Paternal Nell, we learn, died soon after this visit: He leaped from an NYC window while high on morphine. Oh, and there has to be something distinctive about the way paternal Nell walks, moves, bounces.

(iv) Alice arrives at Oak Terrace. Afore-mentioned coachman fetches her from the Hyde Park train station.

Daily life at Oak Terrace. The strange Mrs. Ludlow Hall. The spinsterish aunts who float around the sitting room, vaporish, gaunt and silent. Uncle Valentine who sits at his bedroom window with a rifle so he can shoot any strangers who come up the path. (Fortunately, there are none.) Nell sits passively reading all day, but disappears every afternoon around 4pm.

(v) Alice follows Nell one day when she disappears. Nell goes out into the woods and plays a complicated game with sticks and leaves that she gives names to and pretends are families. The coachman appears, but day-em – he moves differently, doesn’t he? Where has Alice seen those movements before? There is something… unwholesome in the true Turn of the Screw sense about the way Nell and the coachman lean their heads towards one another.

(vi) More daily life at Oak Terrace. Alice confronts Nell with what she’s seen. Nell says, It’s just a game, and invites Alice to come and play, too. Disturbing incident in the woods involving Alice, Nell and the coachman, but of course, it must be cloaked in neo-Victorian propriety: No jacking off in the bushes please.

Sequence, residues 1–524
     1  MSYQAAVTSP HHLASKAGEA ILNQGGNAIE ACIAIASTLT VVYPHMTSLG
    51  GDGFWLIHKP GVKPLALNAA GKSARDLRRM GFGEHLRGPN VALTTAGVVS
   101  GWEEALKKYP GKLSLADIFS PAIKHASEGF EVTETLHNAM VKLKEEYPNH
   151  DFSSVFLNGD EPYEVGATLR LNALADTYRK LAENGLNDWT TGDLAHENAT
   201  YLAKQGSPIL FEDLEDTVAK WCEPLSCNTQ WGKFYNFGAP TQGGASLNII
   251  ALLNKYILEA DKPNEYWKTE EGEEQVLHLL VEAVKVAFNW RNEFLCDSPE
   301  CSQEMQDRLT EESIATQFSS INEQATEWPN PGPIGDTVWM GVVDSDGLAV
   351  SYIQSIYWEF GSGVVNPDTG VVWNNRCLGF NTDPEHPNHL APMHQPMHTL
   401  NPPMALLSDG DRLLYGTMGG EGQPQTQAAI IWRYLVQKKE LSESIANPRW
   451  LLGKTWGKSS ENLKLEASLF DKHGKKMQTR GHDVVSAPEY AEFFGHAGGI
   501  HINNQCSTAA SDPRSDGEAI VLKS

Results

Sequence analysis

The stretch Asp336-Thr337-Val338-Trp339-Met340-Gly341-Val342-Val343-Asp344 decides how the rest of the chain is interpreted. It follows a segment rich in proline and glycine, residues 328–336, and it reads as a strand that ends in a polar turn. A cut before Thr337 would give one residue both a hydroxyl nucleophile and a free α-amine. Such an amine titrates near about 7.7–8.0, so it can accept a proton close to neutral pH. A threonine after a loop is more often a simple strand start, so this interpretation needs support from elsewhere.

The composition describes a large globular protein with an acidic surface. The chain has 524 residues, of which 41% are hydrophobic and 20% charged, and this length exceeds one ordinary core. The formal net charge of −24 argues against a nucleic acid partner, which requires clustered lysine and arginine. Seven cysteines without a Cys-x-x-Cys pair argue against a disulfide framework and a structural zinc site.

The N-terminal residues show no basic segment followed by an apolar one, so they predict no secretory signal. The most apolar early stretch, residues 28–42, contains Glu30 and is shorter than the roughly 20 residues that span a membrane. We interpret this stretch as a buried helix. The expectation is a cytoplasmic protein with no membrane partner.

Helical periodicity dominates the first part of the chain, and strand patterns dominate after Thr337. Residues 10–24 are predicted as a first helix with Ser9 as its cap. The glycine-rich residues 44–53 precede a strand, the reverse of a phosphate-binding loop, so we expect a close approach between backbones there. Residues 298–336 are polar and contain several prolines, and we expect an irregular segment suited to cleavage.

(vii) Alice confronts Mrs. Ludlow Hall. Unpleasant interview during which Mrs. Ludlow’s Livingston ancestry and intense dislike of the Roosevelt upstarts – whom she calls “the van Roosevelts – is referenced. Alice understands that she must save Nell on her own.

(viii) Paternal Nell’s black car is still in the Oak Terrace carriage house. Alice follows Nell and the coachman there. Get into the-e-e-e-e car! the coachman hisses, and Nell does. OhmiGawd, thinks Alice. He looks like paternal Nell! Even though he doesn’t look like paternal Nell! The black car begins to glide down the overgrown pathway. The steering wheel is on the right side; Alice views Nell’s feverishly excited face. It’s the Peter Quint, you devil! moment. Alice hurls herself in front of the car.

(ix) Alice is not hurt. In the confusion that follows, Alice’s stepmother makes a trip to Oak Terrace and demands that Nell be sent off to boarding school in England. She is. The two girls grow up to be very famous: Alice, of course, is the originator of the phrase, If you don’t have anything nice to say, come here and sit next to me! Nell marries Franklin Delano Roosevelt and invents modern progressivism.

(x) The car that Alice sees creeping down Massachusetts Avenue that morning is not the car in the Oak Terrace carriage house, but has the same detailing as the car in the Oak Terrace Carriage House – candles instead of headlights, a flower vase. (Will need some more weird car design features.) And in the passenger seat, Alice had espied not the adult Eleanor Roosevelt but the girl Nell with her eager, hopeful face.

Story still doesn’t have a name. And though I’d been hoping to keep it to 5,000 words in length – ‘cause let’s face it: Nobody wants to read more than 5,000 words – it’s now up to 8,000.